The Netflix documentary tells the true story of the dangerous Tinder scammer
A man pretended to be a billionaire to appeal to women and keep their money. It has already arrived on the platform in Portugal.
The scammer found the victims on Tinder.
Cecilie Fjellhøy was using Tinder when she swiped right on a man named Simon Leviev. She was a 29-year-old Norwegian studying in London, UK. He appeared to be a charming and kind man who lived a life of luxury.
In January 2018, they met for coffee at the Four Seasons Hotel in London. When she met him, she wasn’t disappointed at all. He looked exactly like the photos and showed through his clothes and accessories that he was elegant and wealthy. Fjellhøy was delighted.
So much so that when Leviev explained that he had to travel to Bulgaria by private jet that afternoon – and invited her to come along – the student immediately agreed. Supposedly, Simon had a business meeting. He claimed to be a “diamond prince” of Israel, the heir to the billionaire fortune of diamond magnate Lev Leviev.
After Cecilie Fjellhøy sent her friends a “yolo” (i.e. “You only live once”), she boarded the plane. Inside were Simon Leviev’s private security team, as well as a wife and a baby, which Simon claimed were his ex-wife and child.
The two got along well. Fjellhøy and Leviev spent the night together at the hotel and started a relationship of sorts from there. After three incredible (and surreal) months together, Simon Leviev told Cecilie Fjellhøy to start looking for apartments in London to rent together.
However, they never took that step. A short time later he received blood-covered photos of Leviev and his bodyguard – as well as a request for the equivalent of around 22,000 euros. Leviev claimed his enemies were spying on his bank accounts and he was unable to withdraw his money. So I had to borrow it from my girlfriend.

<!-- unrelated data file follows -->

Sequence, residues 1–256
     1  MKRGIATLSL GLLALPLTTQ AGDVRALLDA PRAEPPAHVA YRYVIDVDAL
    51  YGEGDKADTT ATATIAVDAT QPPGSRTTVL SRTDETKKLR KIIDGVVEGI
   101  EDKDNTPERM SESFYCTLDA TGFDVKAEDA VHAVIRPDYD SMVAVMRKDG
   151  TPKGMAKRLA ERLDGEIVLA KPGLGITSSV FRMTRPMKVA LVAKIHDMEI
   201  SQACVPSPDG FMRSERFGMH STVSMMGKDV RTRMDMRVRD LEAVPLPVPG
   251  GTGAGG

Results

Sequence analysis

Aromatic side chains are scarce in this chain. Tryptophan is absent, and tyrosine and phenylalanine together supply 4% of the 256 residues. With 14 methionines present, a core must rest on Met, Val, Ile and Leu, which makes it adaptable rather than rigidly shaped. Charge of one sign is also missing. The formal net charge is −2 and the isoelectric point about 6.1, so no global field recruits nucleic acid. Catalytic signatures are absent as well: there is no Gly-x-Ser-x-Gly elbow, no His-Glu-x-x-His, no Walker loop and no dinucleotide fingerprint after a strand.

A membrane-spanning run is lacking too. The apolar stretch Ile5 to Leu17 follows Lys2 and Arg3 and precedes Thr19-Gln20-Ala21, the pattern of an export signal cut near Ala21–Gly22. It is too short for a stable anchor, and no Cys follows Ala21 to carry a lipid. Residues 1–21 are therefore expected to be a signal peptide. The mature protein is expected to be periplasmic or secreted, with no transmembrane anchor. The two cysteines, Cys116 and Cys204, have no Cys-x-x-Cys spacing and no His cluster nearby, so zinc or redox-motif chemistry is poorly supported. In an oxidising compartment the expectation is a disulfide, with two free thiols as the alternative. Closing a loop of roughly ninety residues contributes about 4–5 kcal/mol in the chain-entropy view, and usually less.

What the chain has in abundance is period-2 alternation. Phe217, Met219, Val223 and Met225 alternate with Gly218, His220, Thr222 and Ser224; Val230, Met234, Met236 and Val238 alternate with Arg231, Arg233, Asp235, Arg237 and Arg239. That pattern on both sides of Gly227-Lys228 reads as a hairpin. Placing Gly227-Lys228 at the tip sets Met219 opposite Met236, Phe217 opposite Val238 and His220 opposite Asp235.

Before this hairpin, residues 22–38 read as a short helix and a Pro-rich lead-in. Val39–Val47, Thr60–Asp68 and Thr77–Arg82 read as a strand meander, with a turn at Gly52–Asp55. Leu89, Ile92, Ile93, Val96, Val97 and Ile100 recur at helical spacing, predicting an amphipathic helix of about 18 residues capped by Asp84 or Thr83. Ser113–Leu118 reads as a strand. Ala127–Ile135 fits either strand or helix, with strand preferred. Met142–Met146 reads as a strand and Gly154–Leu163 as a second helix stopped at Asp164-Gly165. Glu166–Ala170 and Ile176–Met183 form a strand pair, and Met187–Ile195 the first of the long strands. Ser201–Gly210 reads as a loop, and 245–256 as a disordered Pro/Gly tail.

Believing blindly, Fjellhøy took all the money he had, asked for credit and handed over the money. He had no reason to doubt that Simon Leviev would not pay him the whole next day. But that return never came. Obviously it was all a scam and a big lie.
The bodyguard was a hired helper, the private jet was paid for with money from another woman he was cheating on, his “ex-wife” was another victim of his schemes. His name wasn’t Simon Leviev either, of course. It was Shimon Yehuda Hayut, who came from a middle-class family with no connection to the diamond business. And with the line of credit opened in Fjellhøy’s name, Leviev continued to use that money, leaving the Norwegian deeply in debt.
His story is told in The Tinder Imposter, a documentary premiering on Netflix this Wednesday, February 2nd. It’s a project by the same producers of The Imposter and Don’t F**k with Cats: Hunting an Internet Killer.
Through photos and videos taken by Cecilie Fjellhøy and other victims during their time with Simon Leviev, as well as interviews with the women themselves, the story is told from the women’s perspective.
Pernilla Sjoholm from Sweden and Ayleen Charlotte from the Netherlands were other victims of Leviev. Their stories are also told in this documentary production. “It was almost like stepping into a ‘Truman Show’ made for them, where he has a bodyguard and he’s actually flying in a private jet,” director Felicity Morris told The Guardian.
Sjoholm also met Simon Leviev through Tinder in March 2018. They started out romantically, but the relationship eventually grew into a deep friendship. The Swede took Leviev on trips to Greece or Italy while Fjellhøy looked for apartments in London.
When the Norwegian realized what had happened to her, the betrayal was as emotional as it was financial. This is because Simon Leviev behaved like a devoted and loving friend: he sent flowers and affectionate messages, in addition to a surprise visit to Oslo just to see her once. He didn’t offer luxurious material goods, but he was a perfect friend.
“We all grew up on romantic comedies and the idea of finding the love of your life, a charming prince who will win you over,” adds Felicity Morris. “I definitely think Simon played with it.”
Eventually, a journalistic investigation by Norwegian publication VG uncovered his true identity and told the story – and Shimon Yehuda Hayut was arrested for fraud and theft. He spent time in prison in Finland and Israel. When he left, he legally changed his name to Simon Leviev and declined to be interviewed for this documentary.
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